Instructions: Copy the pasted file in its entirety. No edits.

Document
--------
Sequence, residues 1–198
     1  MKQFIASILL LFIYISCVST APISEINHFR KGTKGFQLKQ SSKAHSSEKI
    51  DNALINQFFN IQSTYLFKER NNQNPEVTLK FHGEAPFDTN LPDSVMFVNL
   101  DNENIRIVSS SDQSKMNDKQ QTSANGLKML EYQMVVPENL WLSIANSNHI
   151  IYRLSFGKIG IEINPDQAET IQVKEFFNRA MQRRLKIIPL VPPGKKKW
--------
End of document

Sequence, residues 1–198
     1  MKQFIASILL LFIYISCVST APISEINHFR KGTKGFQLKQ SSKAHSSEKI
    51  DNALINQFFN IQSTYLFKER NNQNPEVTLK FHGEAPFDTN LPDSVMFVNL
   101  DNENIRIVSS SDQSKMNDKQ QTSANGLKML EYQMVVPENL WLSIANSNHI
   151  IYRLSFGKIG IEINPDQAET IQVKEFFNRA MQRRLKIIPL VPPGKKKW